I’m a huge fan of Rooibos tea and often drink it during the daytime, so I was very happy to discover a specific sleep tea with Rooibos included alongside some typical bedtime tea ingredients.
Tick Tock Bedtime has a full-bodied flavor (back to the wine descriptions!), with a herbal aroma and taste that isn’t dominated by any of the nine ingredients. I could detect the Rooibos though, which gave it a warming feel that I found relaxing to sit down and sip.
6. Twinings Sleep Spiced Apple & Vanilla
- Passionflower (35%)
- Apple Pieces (15%)
- Camomile (14%)
- Cinnamon Bark (10%)
- Natural apple flavouring with other natural flavourings (10%)
- Cardamom (6%)
- Cloves (6%)
- Natural vanilla flavouring with other natural flavourings (4%)
There are two versions of Twinings Sleep on my list, but we both preferred this one. It has a beautiful vanilla aroma, even though the vanilla is slightly more subtle in the taste. Perhaps that’s because the spiced edge created by the Apple, cardamon, cinnamon, and cloves is so apparent.
Relaxing on the sofa while drinking this tea on a cold night in January just felt right to us. The combination of sweetness and warming spice make it a perfect sleep tea for those long winter nights.
7. Pukka Three Chamomile
- African chamomile flower (70%)
- Egyptian chamomile flower (20%)
- European chamomile flower (10%)
If you just want a straight up chamomile tea without other ingredients, the Pukka Three Chamomile is the one we recommend.
We’ve both tried various chamomile-only teas over the years, but this one from Pukka stands out for its intense flavor. It’s also interesting that it contains a blend of African, Egyptian, and European chamomile.
There’s not much else to say about it really – it’s just pure chamomile that you’re likely to associate with relaxation if you’re used to drinking chamomile.
8. Clipper Snore & Peace
- Chamomile (30%)
- Lemon Balm (15%)
- Lavender (14%)
- Fennel seed
Clipper Snore & Peace contains a fairly sizeable percentage of lavender (14%), but manages to contain the potentially intense smell and flavor that lavender is known for.
There were a couple of teas that didn’t make this list because of what I call extreme lavenderization (the taste was so strong, I had to invent a word for it).
Snore & Peace definitely has a noticeable lavender taste, so it’s one to consider if you enjoy that. Unexpectedly, we found the lavender aroma and taste is strongest when you first pour the tea, but the other flavors catch up after a few minutes and balance it out.
9. Twinings Sleep Valerian & Orange Blossom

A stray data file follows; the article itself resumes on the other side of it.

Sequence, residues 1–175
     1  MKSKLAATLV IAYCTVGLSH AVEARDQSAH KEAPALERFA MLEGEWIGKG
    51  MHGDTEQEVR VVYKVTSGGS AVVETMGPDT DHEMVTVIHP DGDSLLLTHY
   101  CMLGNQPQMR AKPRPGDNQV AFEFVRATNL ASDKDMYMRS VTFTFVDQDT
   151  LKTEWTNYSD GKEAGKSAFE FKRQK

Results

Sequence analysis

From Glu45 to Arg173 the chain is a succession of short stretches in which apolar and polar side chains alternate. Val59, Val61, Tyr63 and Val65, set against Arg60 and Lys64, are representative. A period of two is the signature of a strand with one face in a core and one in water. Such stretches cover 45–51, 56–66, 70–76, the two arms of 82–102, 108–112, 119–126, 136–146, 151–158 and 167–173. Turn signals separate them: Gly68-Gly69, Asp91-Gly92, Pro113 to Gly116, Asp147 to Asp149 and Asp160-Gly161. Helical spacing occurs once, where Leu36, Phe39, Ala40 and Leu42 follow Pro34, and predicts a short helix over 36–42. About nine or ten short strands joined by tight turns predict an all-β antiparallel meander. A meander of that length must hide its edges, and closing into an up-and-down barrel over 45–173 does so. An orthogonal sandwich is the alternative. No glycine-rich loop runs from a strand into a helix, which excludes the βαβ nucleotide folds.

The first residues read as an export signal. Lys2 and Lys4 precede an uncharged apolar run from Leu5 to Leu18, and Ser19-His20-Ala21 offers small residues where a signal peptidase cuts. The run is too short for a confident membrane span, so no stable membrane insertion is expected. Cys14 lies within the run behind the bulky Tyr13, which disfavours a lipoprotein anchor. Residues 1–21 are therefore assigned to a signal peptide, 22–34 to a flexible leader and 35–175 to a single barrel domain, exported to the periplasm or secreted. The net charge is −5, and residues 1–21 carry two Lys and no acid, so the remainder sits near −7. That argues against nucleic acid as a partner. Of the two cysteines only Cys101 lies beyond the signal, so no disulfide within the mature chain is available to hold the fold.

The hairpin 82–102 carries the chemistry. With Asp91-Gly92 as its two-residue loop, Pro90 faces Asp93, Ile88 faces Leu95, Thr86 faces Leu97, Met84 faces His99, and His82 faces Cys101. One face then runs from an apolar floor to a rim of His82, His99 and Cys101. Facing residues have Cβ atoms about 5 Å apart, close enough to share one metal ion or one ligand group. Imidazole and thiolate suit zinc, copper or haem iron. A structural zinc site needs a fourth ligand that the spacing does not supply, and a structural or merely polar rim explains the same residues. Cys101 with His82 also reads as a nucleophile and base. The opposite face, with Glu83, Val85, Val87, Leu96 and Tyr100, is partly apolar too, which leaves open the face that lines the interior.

- Camomile (35%)
- Passionflower (35%)
- Lavender (12%)
- Orange Blossom (10%)
- Valerian Root (4%)
- Natural Blood Orange Flavouring (2%)
- Natural Flavouring
In a similar way to lavender, valerian can also dominate the taste of a herbal tea if the manufacturer allows it to. This version of Twinings Sleep manages to contain the two, even though it still has a noticeably herby taste.
The inclusion of orange blossom and orange flavouring perhaps helps counterbalance the overall feel of the tea. It has a curious combination of earthy flavors with a sweet note layered over the top.
We both thought it has a slightly more medicinal taste than the spiced apple and vanilla Twinings Sleep, but still enjoyed drinking it while relaxing before bedtime.
10. Dragonfly Tea – Night Sky Calm
- Lemon balm
Dragonfly Tea Night Sky Calm was one that surprised both of us. It has a kind of medicinal taste when you first sip it, with the valerian and sage coming across quite strongly. But then there’s a kind of sweet aftertaste that lingers in the back of your mouth and throat afterwards.
Some of the other teas have a similar effect, but none as strongly as this one. We couldn’t quite decide which ingredients were responsible for the delicious after taste. Whichever they are, they offset the medicinal side nicely, making it a lovely tea to relax with.
Dragonfly tea also make a couple of excellent mint teas if you’re looking for a digestive tea. And they also make one of my all-time favorite daytime teas, the superb Earl Grey and Rooibos blend.
11. Nutra Tea Chamomile & Valerian
- Chamomile (85%)
- Valerian (15%)
In comparison to most of the other teas I’ve looked at so far, Nutra Tea only contains valerian and chamomile. Both the aroma and taste are therefore predictably strong, with no other ingredients to balance them out.
Personally, I preferred the teas that add a little sweetness, but if you’re a fan of chamomile and valerian, this is one to consider. The mix isn’t quite as strong as in some other chamomile and valerian focused teas I’ve tried, so you can still enjoy the tea without feeling it’s too much.
12. Teapigs Snooze Sleepy Tea
- Organic Apple Pieces (80%)
- Organic Chamomile Flowers (12%)
- Organic Lavender Flowers (8%)
Teapigs Snooze Sleepy Tea ended up in twelfth place only because the lavender was a bit too powerful for my palette. If you associate lavender with relaxation and enjoy the taste though, you may well love this tea.
From the second you pour hot water over the teabag, the unmistakable scent of lavender fills the air. It also contains apple pieces and chamomile, but they fade into the background with so much lavender floating around.
Even though it’s only listed as 8% of the ingredients, I found it provided more like 80% of the taste. So if you find lavender calming and enjoy drinking it at night, this is one to try.
What evidence is there that tea can help you sleep?
The bottom line is that there hasn’t been enough research into the sedative effects of the herbal ingredients in tea form to draw any firm conclusions. And studies of the ingredients in other forms, with higher quantities than typically found in tea, have yielded mixed results.
On a more optimistic note for bedtime tea lovers, there’s plenty of support among sleep experts for the idea that intentionally taking some time out to relax before bed can put you in the right frame of mind for sleep.
If drinking your favorite cup of herbal tea in the evening feels relaxing to you, perhaps even forming part of a relaxing bedtime routine, then that may be all the evidence you need.